In addition to the Somerville Drive-In, it’s sister U/A Drive-in’s the Turnpike (East Brunswick) and the Plainfield-Edison (Edison) each had identical miniature train rides rusting away in the weeds when I visited those locations right before they went under in the 1980s.

I wrote an article about the UA Drive-in miniature railroads that appeared in MODELTEC magazine in August of 1996. The article was called Lost in NJ. My pen name is Ray Haigh.

cheers, Rick

SPOK on February 3, 2010 at 8:23 pm

Alas, the Somerville Drive-In is now a golf driving range complete with a small miniature golf course near the entrance. The entrance drive, though repaved, is about the only thing that vaguely appears the same. Over the years I have occasionally checked internet aerial photos of the site and watched it transform from an abandoned drive-in movie complex to a golf course.

SPOK on August 21, 2005 at 4:06 am

Although I long assumed the Somerville Drive In was no more, I only confirmed my suspicion last year when I opted to drive that stretch of US Route 22 instead of taking Interstate 78.

The last time I was at the Somerville Drive In was 1969. The absolute last film we saw there was WHERE EAGLES DARE. My parents bundled us into the station wagon and off we went. Back then, I thought it was the coolest thing to watch outdoor movies.

In those days, the area surrounding the drive in was not cluttered with corporate complexes. The area in front of the screen had a playground. There was also a train ride that chugged along a short stretch of track along the eastern side of the complex. By 1969 the train was no longer running.

Unfortunately, the drive in was the only way my parents could get out to see a movie when they a bunch of noisy kids in tow. I remember seeing several James Bond and Elvis movies there as well. My favorite part of the adventure were the intermission advertisements and ads for the snack bar.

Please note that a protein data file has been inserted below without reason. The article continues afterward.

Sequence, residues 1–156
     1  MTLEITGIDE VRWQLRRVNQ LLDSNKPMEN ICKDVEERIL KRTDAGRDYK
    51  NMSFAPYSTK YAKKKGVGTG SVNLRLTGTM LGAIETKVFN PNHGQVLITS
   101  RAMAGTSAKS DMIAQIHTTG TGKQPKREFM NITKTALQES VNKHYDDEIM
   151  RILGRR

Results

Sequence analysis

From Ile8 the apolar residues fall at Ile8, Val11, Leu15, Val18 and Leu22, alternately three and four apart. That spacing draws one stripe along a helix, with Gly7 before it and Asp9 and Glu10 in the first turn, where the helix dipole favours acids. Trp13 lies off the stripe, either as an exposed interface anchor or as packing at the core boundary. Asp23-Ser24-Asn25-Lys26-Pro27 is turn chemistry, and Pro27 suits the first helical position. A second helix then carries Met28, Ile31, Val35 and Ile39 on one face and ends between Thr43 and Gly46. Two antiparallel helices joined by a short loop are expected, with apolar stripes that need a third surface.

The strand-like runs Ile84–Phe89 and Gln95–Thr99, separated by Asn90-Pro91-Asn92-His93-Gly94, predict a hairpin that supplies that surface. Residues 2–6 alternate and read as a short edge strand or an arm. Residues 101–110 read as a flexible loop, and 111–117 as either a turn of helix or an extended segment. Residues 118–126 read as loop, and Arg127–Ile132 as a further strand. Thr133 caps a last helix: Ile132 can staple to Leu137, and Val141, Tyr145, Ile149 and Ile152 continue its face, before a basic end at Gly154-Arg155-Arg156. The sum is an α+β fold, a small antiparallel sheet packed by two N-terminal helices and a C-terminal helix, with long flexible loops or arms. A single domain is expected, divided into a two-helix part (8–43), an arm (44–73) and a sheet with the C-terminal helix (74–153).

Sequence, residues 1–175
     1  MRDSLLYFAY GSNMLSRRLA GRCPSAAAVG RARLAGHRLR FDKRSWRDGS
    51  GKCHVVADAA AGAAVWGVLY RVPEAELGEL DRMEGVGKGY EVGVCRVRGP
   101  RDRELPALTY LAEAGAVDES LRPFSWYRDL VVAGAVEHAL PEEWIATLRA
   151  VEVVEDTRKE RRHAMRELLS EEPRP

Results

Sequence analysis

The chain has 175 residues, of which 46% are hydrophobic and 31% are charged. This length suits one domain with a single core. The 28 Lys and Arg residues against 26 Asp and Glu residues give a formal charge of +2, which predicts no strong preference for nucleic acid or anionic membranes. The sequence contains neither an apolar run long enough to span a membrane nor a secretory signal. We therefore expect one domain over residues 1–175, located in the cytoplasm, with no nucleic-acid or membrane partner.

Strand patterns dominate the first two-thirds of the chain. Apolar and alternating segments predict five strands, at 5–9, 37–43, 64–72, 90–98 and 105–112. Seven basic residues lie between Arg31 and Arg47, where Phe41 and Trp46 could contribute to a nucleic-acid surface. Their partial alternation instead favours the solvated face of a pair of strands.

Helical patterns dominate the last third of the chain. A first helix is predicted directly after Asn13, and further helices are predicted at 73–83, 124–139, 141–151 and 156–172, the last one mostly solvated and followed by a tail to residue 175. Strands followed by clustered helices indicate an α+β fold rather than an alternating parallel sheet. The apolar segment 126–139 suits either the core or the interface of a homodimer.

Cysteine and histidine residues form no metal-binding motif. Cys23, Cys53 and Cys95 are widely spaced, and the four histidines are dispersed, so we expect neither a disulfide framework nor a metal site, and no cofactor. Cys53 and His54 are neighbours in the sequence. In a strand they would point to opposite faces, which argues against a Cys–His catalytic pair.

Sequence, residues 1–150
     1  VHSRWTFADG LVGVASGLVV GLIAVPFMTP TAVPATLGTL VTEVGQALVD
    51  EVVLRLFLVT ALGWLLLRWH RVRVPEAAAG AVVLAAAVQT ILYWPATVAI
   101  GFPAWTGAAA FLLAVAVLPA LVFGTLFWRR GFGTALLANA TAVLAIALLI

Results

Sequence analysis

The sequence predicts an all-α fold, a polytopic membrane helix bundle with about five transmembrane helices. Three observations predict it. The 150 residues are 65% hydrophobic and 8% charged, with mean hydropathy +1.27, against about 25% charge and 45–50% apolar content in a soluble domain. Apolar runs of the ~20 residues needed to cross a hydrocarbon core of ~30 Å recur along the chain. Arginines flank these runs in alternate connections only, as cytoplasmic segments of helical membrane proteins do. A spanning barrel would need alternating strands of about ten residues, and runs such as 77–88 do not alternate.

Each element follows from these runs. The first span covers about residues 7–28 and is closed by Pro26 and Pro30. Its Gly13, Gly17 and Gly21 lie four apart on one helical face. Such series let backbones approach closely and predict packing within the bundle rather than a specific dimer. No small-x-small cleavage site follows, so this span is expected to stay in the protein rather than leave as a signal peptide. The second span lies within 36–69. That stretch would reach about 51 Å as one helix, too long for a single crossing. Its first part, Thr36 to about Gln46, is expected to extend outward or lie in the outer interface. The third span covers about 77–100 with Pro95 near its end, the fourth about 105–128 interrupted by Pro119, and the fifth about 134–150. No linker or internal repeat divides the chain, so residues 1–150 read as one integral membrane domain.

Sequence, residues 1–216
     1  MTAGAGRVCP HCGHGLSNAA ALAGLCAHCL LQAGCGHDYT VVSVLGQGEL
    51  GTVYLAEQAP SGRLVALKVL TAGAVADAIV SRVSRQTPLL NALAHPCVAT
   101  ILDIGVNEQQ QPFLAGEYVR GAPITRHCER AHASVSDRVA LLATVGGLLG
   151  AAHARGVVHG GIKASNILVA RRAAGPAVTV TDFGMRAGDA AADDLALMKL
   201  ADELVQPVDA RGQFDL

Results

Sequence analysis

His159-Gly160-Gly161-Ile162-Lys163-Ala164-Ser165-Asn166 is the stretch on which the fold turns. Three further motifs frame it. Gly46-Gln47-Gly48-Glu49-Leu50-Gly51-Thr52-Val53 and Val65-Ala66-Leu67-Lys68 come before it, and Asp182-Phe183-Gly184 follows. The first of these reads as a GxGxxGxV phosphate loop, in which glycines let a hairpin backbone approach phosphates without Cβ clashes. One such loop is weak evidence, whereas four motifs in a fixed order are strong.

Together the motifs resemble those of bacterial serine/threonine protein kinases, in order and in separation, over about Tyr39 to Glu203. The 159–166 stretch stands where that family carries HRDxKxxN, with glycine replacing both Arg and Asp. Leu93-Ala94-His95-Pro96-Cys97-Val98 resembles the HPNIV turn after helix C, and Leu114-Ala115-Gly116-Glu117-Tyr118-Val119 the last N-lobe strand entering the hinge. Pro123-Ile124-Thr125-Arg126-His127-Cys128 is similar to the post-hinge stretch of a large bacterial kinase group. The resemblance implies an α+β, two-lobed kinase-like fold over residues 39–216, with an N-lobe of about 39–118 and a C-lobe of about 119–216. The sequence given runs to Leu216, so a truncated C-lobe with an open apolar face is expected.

As with other drive ins, it was sad to hear of Somerville’s closing.

tcp1 on August 21, 2005 at 1:08 am

I remember going here as a kid; saw some of my first movies here.. My dad took me to a few movies that were pretty inappropriate for my age; but still — a lot of great memories here.

I remember in the winter, when the leaves were off the trees, I could see the screen from my house.. I know plenty of people probably thought it was a blight, but not me…!

I remember the last time I went, sometime in 1990, right before closing, the snack bar area and the speakers were in pretty lousy repair — but they had introduced the concept of broadcasting the sound over the radio.. Saved us some mosquito bites (a big problem at this place in the summer!) but still wasn’t the same experience!

Last went to the site in winter of 2003.. The screen was gone, and I don’t think I could find the entrance from the highway.. but you can (could?) get in from the back on a back road — as kids, we entered the grounds on bikes after the closing.. Yep, we weren’t supposed to, but there was something amazing about having that whole place ‘to yourself’, movie running or not!

Last time I checked, the parking lot and speaker stands were still there, in late 03.

Not sure what’s left of it today – could be completely gone, knowing the way that area is expanding these days.

One thing I remember most was the sign.. The huge neon letters were visible for quite a ways on Rt. 22.. Again, probably something considered hideous today, but was great as a kid.. Something from a bygone era, just like some of the small motels and diners that used to be found around the theatre.. Those are probably gone now, too.